“Some Assembly Required” at the Nash Gallery features work by six artists: Nooshin Hakim Javadi, Michael Johnson, Joe Krasean, Alex Petersen, Bianca Pettis and Xavier Tavera, all know MFA-minted artists in their own right. While some of the artists in the show went the more-is-more route, which I find typical of MFA shows. This exhibition is strong and worth checking out soon -- it runs through April 22, so stop by this week before the closing on Saturday. 

The most striking and largescale piece in the show is Nooshin’s single hanging airplane wing from an airplane she bought at the Crystal Airport, about 20 minutes outside of the city. It hangs front and center in the exhibition, greeting viewers who enter. 

Originally, Javadi tells me, she bought two wings, both from crushed airplanes.“In the beginning, I was working on a geometrical mirror pattern beneath the wing,” she says. “The mirror pattern is originally from my country, Iran. Mirror mosaics were installed in a way that reflects the environment, space and viewers in fragmented and tidy pieces and blend the reflection of people together.”

After President Trump announced his "travel ban" on seven majority-Muslim countries aka #MuslimBan, including Iran, Javadi changed the focus of her mirroring, instead shredding the other wing and letting go of the patterning. This also imbued the work with a sense of performativity, a response.

Bianca Janine Pettis’ colorful series reminded me of an adulting version of schoolyard chalkboard drawings, with an adult sense of sincerity rather than a childhood innocence. Like a mature version of love, but with the visual wonderment of a “Where’s Waldo?” book that you just have to buy.

Bianca Janine Pettis, "From the bottom of my heart" (2016). Acrylic on canvas drop cloth. Photo by the author.

Joe Krasean’s installation “This Was My Thesis” displays the inner contents of his studio, as if the studio itself barfed them up. It’s a clusterf&^k, a sort of nod to the idea that the journey is equally as important as the destination, and that the process can also be the project. Airline ticket stubs, ceramic pieces in-progress, candle holders, random knick knacks, all are fair game. The objects will all be given away at the closing of the MFA show on Saturday, April 22 from 11am-3pm at the Nash Gallery. Donations accepted. This piece made me think about Martha Rosler’s Meta-Monumental Garage Sale at MoMA, which operated as a vehicle for discussing commodity fetishism and the intrinsically bizarre idea of assigning values to objects.  

Ironically, the installation on the other side of the wall by Michael Johnson is incredibly organized, minimalistic, systematic and orderly, comparatively speaking. The artist shot various views of a lake in Hennepin County, exposing nature, and used those images and the color palette to create single-color photograms. He showed exposed the original images on the opposite wall.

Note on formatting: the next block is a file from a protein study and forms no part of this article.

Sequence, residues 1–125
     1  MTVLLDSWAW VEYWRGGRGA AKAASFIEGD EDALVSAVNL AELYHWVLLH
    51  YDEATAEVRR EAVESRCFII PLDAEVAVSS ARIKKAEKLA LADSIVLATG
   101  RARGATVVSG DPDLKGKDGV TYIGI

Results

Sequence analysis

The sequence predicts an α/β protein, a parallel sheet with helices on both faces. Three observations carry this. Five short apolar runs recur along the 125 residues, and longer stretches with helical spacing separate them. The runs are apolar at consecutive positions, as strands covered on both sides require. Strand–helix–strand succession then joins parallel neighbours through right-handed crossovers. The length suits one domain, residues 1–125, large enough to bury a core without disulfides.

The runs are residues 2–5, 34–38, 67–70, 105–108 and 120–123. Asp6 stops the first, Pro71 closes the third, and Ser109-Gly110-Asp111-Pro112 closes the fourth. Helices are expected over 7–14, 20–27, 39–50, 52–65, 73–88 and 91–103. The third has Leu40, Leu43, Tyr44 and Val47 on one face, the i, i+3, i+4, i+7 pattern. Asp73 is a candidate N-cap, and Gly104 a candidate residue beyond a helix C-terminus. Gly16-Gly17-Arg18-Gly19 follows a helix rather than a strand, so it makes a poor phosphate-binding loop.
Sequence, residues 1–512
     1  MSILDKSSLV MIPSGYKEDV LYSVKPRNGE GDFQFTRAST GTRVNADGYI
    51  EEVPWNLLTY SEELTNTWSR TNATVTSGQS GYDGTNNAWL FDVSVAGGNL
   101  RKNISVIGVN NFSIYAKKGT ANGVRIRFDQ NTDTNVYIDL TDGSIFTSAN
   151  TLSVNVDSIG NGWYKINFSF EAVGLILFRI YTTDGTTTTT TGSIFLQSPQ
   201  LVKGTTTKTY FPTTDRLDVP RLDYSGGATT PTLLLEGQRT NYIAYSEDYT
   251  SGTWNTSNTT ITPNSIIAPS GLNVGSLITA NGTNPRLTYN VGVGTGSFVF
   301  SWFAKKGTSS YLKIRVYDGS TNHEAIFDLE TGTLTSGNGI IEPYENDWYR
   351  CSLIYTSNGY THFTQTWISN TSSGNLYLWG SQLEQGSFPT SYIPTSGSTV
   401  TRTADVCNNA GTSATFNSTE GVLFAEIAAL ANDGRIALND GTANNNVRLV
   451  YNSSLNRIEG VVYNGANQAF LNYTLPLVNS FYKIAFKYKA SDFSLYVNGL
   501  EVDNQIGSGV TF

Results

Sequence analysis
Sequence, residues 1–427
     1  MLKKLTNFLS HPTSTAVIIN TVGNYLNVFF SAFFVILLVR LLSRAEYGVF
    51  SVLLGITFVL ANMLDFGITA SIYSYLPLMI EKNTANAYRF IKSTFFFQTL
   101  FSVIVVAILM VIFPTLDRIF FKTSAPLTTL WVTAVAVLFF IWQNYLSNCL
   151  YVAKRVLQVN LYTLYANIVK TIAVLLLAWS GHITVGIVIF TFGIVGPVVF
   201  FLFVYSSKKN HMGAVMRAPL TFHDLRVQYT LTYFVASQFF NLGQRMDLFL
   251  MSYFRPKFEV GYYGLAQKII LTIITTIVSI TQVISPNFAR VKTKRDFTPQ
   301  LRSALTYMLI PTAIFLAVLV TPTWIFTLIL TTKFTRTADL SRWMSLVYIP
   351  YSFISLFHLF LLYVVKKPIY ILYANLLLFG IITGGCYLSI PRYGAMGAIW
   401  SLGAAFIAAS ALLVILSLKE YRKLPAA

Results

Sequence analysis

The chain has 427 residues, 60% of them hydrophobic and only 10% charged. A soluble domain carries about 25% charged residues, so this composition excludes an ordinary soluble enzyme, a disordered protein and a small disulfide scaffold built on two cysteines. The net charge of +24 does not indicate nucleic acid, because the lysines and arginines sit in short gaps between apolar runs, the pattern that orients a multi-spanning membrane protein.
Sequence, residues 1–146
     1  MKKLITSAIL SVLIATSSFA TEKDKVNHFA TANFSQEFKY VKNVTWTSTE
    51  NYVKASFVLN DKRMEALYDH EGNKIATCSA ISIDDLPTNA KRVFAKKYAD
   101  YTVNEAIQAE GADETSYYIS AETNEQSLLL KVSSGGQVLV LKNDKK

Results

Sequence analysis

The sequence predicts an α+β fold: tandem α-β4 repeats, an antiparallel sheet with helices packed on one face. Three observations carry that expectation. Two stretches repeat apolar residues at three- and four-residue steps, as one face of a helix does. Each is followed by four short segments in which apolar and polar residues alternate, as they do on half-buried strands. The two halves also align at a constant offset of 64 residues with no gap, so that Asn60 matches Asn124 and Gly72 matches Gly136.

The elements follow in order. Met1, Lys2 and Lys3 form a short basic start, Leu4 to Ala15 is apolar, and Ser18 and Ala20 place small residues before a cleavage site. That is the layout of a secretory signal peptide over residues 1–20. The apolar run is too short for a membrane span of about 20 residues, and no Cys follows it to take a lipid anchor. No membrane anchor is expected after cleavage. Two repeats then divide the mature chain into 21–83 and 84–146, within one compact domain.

Alex Petersen’s whimsical drawings of a guy and his dog, insert curious human/animal connections, ultimately reminding us of our animalistic instincts. In the series on view at the MFA show, I couldn't help thinking about Petersen's decision to focus on the dog. This pooch is not heroic, however, for it seems to have a mind and life of its own rather than the dog-as-hero of Lassie, where the dog is consistent, obedient, and always a hero to its family.

Xavier Tavera’s work wields a political intensity that nicely rounds out this broad-reaching MFA exhibition. His work looks at the politicization of the US-American border. For this body of work, Tavera traveled to the border to further investigate the ways it has been visually portrayed. In doing so, he is considering documentation of the border by colonizers who took ownership of it, by people who call it home, and by those who consider it but a destination. In thinking about the politicization of the border, I was reminded of a quote from labor organizer/activist Dolores Huerta, co-founder of United Farmworkers Association, who famoulsy said: "We did not cross the border. The border crossed us." 

In Tavera's project, he seeks a sort of idealisitc alternative to the current situation at the border which were heightened by Trump's intention to build a wall even though one already exists. Tavera's project envisions an alternative vision of the politicized border space. "In my work, imaginary alternatives to a wall are suggested overlapping sketches, drawings and diagrams over landscape images," says Tavera in a statement about his work.

Soft focus photographs of subjects from a proud man in a sombrero atop a white horse, a bounty of ballons tied behind him, gazes at the camera. But we never see his expression, truly – his face is darkened by the shadow of his sombrero. The horse stands at attention. Elsewhere, viewers notice documentation of a dead eagle, its eye whitened and hollow. 

"The intended site projects forecast a completely different outcome to a divisive wall," he writes. "Tables, shelters, and tunnels are part of a new syntax in the lexicon of usual border concerns. What would happen if people from different backgrounds and cultures encounter a long table instead of a wall?"

“Some Assembly Required” continues through April 22 at the Nash Gallery, University of Minnesota.